Sagendorph Success

September 11, 2012

Last Thursday, I had the opportunity to be part of an amazing experience at the Thorne-Sagendorph Gallery at Keene State College. One of my professors invited me to a show that he was participating in, and the work was definitely unique. All the artists were telling similar stories, but in a different way. The energy in the room was buzzing. It was like a hive full of little worker bees. I wish photography had been allowed, but alas it was not. I was able to find a couple images via the artists’ websites (the images are copyrighted to the artists who produced them).

A Change in the Air, Ron McClure

More of Ron’s work can be seen at: http://www.exhilarationimages.com/ Ron works with mixed media, mainly digital photography, digital painting, colored pencils, and glitter.

Julee Holcombe, Babel Revisted

More of Julee’s work: http://juleeholcombe.com/home.html Julee’s photographs feel more like paintings.

Carol Gove, Passage

More of Carol’s work: http://www.carolgove.com/index.html Carol is also a mixed media artists, in more of a traditional sense. She uses collage and paint as opposed to digital media.

Seeing the work in person is such a different experience than seeing a few digital replicas on the screen. Any time I can go out and actually see work hanging on walls, get closer to it, inspect it, I take advantage of the opportunity. The work by these three artists in particular had a calm about it. The work sucked you into a moment in time, forced you to breathe the air in that world. It was a pleasing experience. Any time you have the chance to see an exhibit, I hope you run to it!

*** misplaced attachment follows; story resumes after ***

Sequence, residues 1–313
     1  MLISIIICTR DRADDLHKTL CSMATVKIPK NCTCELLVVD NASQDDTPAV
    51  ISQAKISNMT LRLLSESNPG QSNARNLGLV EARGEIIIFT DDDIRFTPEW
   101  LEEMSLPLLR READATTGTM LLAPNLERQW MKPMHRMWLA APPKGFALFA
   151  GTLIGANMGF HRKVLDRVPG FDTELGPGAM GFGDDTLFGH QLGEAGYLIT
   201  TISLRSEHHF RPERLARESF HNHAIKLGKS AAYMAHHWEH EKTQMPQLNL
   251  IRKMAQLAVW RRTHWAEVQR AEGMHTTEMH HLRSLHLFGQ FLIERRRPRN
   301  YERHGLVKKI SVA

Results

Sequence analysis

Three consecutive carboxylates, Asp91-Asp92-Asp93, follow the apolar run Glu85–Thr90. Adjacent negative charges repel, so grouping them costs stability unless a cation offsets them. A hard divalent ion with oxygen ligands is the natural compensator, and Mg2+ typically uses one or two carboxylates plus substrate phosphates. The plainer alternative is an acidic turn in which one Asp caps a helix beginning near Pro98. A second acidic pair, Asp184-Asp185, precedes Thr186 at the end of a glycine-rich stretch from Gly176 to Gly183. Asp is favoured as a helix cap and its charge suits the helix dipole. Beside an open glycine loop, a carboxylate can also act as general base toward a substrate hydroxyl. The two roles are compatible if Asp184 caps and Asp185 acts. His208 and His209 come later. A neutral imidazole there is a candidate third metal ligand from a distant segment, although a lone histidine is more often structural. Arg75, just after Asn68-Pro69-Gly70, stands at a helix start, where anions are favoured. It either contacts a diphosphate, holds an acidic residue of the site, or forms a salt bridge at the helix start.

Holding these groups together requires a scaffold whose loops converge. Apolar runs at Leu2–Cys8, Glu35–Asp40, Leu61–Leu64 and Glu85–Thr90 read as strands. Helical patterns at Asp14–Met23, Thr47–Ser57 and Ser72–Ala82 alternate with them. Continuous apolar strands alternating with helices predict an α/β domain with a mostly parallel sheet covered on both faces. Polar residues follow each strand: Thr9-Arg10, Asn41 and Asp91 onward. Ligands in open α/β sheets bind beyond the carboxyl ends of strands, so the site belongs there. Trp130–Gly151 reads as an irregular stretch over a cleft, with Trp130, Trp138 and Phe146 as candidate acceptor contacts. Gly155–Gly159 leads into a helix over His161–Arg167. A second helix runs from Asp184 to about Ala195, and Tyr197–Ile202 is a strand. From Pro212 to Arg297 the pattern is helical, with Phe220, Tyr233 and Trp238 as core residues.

Look. Listen. Respond.

-Megan

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Stealing Art

September 5, 2012

Picasso is credited with saying, “Good artists copy, great artists steal.” Picasso was a painter who could make someone else’s painting his own; he “picasso-fied” many classic paintings. I am always amazed at the connections you find throughout time in the art world. Soutine’s Side of Beef always sticks out in my mind as an image used for stock material. (For Julia Robert’s fans, you may remember this slide as being labeled “grotesque” in Mona Lisa Smile.)

Soutine, Side of Beef (1924-5)

Both Francis Bacon and Jenny Saville have referenced Soutine’s work in their own paintings:

Jenny Saville, Torso 2

Francis Bacon, Figure with Meat

Bacon is also referencing another artist in his work. Figure with Meat is one of several Pope portraits that Bacon painted, and it is referencing a portrait done by Diego Velazquez. (One of his most famous works is Las Meninas.)

Francis Bacon, Study of Velazquez’s Portrait of Pope Innocent X

Diego Velazquez, Pope Innocent X

Most recently, I have discovered the painter Caroline Westerhout, who draws off the style of Gustav Klimt, giving new meanings to some of his paintings.

Caroline Westerhout, Judith-After the Trial

Gustav Klimt, Judith I

The connections you can find are endless because artists are always “borrowing” or “stealing” from each other to make a new idea or to reform an old one. Through this theft, art becomes more than a history lesson, it becomes a time machine for artists. We turn the dial back to see the stories of others, then return safely home and make them our own.

Look. Listen. Respond.

-Megan